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What difference can a social worker make in your child's hospital stay?

May 23, 2018

Valerie Dorsainvil, LCSW has been a Pediatric Hematology/Oncology Social Worker at Orlando Health Arnold Palmer Hospital for Children and Orlando Health Winnie Palmer Hospital for Women & Babies since 2016. Here, she answers some questions about what that means for the families of patients going through long-term treatments at the hospitals. 

1. How would you define the work you do at Orlando Health Arnold Palmer?

As a licensed mental health professional, I offer a mixture of clinical skills as well as case management.  I complete ongoing assessments of a family’s dynamics and needs in order to guide them as best I can. I assist with coping and adjusting to a new diagnosis, communicating with the healthcare team, addressing barriers to care such as insurance or transportation, coordinating supportive care such as home health nursing or specialty medications, and provide psychoeducation and brief counseling to address symptoms of anxiety, depression, behavioral issues or refer to ongoing outpatient counseling, if needed.  

2. What type of patients do you typically work with?

 I am assigned to work within Pediatric Oncology and Hematology, which includes the inpatient unit and outpatient clinic. I have patients with blood disorders such as Sickle Cell, Hemophilia, or Aplastic Anemia and lots of different types of cancers outside of brain tumors. However, there are times in which I assist my team during vacations, weekends or holidays. During those times, I could potentially see any patient within Orlando Health Arnold Palmer or Orlando Health Winnie Palmer. 

3. People sometimes think the term “social work” has a negative connotation, how do you help change this perception with your clients?

 When someone has a negative connotation about social work, it usually is due to a past experience that didn’t go as expected. So, I usually assume when walking into the room that most people don’t fully understand what I do. Social workers are in many settings and the roles can be different. I usually explain my role like this… “I am here to help with the things having a sick child affects. Medical questions are for doctors and nurses, life questions will usually come to me.”  It is a clear way for them to grasp how my involvement is a benefit to their family and recognize someone is able to help guide, support and assist them in all the logistics that go into caring for a sick child. We talk about their child’s school needs, how it will affect their job and possibly their finances, coordinating transportation to and from the multiple appointments and how to connect them to other resources and services within the community they may not even know exist. In the midst of these planning conversations, we also provide emotional support and teach them therapeutic techniques to help cope with the emotional and mental stress a hospital admission can cause.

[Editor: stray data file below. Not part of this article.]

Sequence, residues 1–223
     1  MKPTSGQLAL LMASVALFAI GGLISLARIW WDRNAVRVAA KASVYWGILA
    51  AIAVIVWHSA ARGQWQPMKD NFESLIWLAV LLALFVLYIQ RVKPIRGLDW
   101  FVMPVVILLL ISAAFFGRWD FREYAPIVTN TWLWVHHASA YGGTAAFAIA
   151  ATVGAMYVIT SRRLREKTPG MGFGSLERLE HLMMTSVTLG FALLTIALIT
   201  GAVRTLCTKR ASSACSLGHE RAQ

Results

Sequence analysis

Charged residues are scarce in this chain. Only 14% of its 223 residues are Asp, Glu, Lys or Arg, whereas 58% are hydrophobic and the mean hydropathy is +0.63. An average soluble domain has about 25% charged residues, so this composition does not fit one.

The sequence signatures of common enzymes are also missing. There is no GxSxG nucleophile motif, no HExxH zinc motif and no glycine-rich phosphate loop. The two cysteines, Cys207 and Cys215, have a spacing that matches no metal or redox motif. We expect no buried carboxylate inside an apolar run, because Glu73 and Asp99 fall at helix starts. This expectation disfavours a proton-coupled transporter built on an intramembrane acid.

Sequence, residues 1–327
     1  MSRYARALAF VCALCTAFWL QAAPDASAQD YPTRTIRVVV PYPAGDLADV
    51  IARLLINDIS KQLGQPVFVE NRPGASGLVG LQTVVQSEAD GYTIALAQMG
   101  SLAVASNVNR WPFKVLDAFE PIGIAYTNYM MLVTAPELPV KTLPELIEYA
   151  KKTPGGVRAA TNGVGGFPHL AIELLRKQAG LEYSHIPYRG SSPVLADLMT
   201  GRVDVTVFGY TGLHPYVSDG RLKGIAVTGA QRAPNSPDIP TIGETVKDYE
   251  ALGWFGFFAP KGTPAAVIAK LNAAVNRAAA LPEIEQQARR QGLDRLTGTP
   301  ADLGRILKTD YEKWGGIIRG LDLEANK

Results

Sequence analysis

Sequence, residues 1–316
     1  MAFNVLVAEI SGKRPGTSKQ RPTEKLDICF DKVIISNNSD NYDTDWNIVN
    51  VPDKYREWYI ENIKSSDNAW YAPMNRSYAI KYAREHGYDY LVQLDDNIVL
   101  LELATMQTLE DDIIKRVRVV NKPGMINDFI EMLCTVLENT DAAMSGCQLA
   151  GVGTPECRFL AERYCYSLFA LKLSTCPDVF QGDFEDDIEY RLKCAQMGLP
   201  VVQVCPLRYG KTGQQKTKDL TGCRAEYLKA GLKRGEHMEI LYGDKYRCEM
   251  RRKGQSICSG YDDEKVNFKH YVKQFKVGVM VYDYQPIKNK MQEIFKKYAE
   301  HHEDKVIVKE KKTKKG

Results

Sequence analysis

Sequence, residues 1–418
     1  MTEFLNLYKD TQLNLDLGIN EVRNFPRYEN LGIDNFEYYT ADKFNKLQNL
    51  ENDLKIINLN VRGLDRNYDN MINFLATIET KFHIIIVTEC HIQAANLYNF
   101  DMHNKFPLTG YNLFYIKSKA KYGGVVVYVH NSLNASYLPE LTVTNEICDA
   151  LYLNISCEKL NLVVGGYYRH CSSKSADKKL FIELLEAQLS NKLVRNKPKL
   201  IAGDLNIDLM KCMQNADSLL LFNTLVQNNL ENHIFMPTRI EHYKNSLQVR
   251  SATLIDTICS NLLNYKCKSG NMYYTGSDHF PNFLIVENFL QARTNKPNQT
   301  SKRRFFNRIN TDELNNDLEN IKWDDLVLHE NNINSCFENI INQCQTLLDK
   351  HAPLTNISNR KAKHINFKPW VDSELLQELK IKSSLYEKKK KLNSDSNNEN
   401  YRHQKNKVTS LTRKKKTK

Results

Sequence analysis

4. What is the most rewarding part of your job?

I often get involved with a family during the most terrifying time of their life; when they are being told their child has an illness that is going to affect everything. It is an extremely personal moment to sit with a family and the patient to process all their thoughts and feelings. There can be so many uncertainties, and treatment is a rollercoaster of emotions and events. Yet, children and families are so resilient. They go through this journey and grow, learn, and change. I get to witness those same patients and families later conquer the very situations and experiences they believed they could never handle and overcome. I get to personally witness the strength of love and the human spirit. 

There is nothing more powerful or more meaningful to my job than that. 

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